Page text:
Budget battle: What got cut

By Charles Riley, staff reporter


NEW YORK (CNNMoney) -- You can wave bye-bye to $4 billion in government spending.

President Obama signed a budget cutting stop-gap spending bill Wednesday after it sailed through the Senate with ease, garnering 91 votes.

Senators were happy to vote for the bill because it ensured the government will keep running for two more weeks, but also because the cuts in the measure are among the most obvious in the budget.

The bill terminates eight government programs, for savings of $1.24 billion, while an additional $2.7 billion in earmarks are eliminated.

On the chopping block were eight programs involving broadband access in rural communities, education, highway construction and the Smithsonian Institution.

All eight had been identified by both parties as wasteful and unnecessary.

The overlap wasn't an accident. House Republicans identified the program terminations in Wednesday's bill by combing their own budget plan and Obama's 2012 budget proposal for spots where they agreed.

"The bill that passed this morning focused on $4 billion of programs that we had ... suggested and recommended. It was free of those mischievous riders that were ideological in nature," said Democratic Majority Leader Harry Reid.

The programs that were cut fall into two umbrella categories: ineffective or duplicative.

The bill eliminated $75 million in election assistance grants, which are funds allocated to help states upgrade voting machines and voter rolls. Since 2002, Washington has pumped $3 billion into the program, but states have only found ways to spend $2 billion.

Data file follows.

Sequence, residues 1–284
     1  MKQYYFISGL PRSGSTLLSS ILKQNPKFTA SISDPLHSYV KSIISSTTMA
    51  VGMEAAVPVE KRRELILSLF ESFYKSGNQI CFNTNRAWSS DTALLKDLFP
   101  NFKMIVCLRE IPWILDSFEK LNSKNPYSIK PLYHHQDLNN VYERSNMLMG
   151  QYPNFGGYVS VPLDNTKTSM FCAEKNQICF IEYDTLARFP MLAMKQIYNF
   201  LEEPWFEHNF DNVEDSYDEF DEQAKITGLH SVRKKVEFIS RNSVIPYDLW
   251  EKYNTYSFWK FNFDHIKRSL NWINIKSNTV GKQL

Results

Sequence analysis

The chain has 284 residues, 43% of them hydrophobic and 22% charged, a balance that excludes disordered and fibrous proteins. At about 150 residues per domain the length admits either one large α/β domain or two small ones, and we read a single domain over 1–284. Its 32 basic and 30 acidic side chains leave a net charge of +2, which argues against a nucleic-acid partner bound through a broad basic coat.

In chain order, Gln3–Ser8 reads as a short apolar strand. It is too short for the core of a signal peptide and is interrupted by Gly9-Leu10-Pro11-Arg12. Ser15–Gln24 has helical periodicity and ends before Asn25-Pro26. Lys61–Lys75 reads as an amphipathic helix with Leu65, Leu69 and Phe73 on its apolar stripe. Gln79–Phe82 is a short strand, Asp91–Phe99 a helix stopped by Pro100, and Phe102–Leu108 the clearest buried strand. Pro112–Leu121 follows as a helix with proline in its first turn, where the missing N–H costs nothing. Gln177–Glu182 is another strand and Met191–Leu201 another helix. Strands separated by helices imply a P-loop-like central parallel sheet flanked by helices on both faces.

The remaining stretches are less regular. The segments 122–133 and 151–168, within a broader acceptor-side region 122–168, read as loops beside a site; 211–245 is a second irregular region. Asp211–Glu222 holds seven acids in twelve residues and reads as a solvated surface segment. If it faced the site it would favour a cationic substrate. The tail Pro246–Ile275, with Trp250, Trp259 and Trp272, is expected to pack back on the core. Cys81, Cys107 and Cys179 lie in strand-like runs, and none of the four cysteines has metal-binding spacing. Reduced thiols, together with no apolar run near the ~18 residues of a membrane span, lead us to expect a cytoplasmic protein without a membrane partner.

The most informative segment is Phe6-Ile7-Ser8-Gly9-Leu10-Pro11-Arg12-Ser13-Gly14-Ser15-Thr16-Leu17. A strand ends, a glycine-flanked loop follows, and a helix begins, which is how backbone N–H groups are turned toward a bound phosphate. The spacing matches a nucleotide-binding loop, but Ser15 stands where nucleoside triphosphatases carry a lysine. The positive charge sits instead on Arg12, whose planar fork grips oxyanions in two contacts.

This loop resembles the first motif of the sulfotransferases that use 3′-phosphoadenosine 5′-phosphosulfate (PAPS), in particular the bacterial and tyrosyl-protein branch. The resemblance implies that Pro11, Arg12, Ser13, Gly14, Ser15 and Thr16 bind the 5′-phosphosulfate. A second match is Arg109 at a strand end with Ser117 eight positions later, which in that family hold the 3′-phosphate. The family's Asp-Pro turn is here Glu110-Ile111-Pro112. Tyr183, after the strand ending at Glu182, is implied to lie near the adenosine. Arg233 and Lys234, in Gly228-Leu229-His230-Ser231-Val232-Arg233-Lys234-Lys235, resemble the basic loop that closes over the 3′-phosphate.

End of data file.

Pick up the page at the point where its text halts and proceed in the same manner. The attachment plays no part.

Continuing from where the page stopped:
And that rural broadband program? The Agriculture Department's inspector general uncovered "abuses and inconsistencies" as well as "a lack of focus on the rural communities it was intended to serve."

The four education programs total $468 million, and are being eliminated for being outdated, ineffective or duplicative.

The highway funds, $650 million in total, were originally budgeted as a one-time payment for 2010 but never cut.

The remaining $2.7 billion in cuts cover almost 50 different earmark programs that will no longer be funded because House Republicans have instituted a new rule banning that type of spending.

After the bill was approved by the Senate, Obama said both parties should start working on a budget solution for the rest of the fiscal year that follows the example set by the two-week extension.

"This agreement should be bipartisan, it should be free of any party's social or political agenda, and it should be reached without delay," Obama said in a statement.

If that's the route lawmakers take, they won't have to look far for more savings.

On Tuesday, the Government Accountability Office released a report that identifies tens of billions of dollars in savings that can be achieved by streamlining a bloated federal bureaucracy.

The GAO did not say exactly how much the inefficiencies cost taxpayers each year, but the report states that "savings and revenues could result in tens of billions of dollars in annual savings, depending on the extent of actions taken." To top of page

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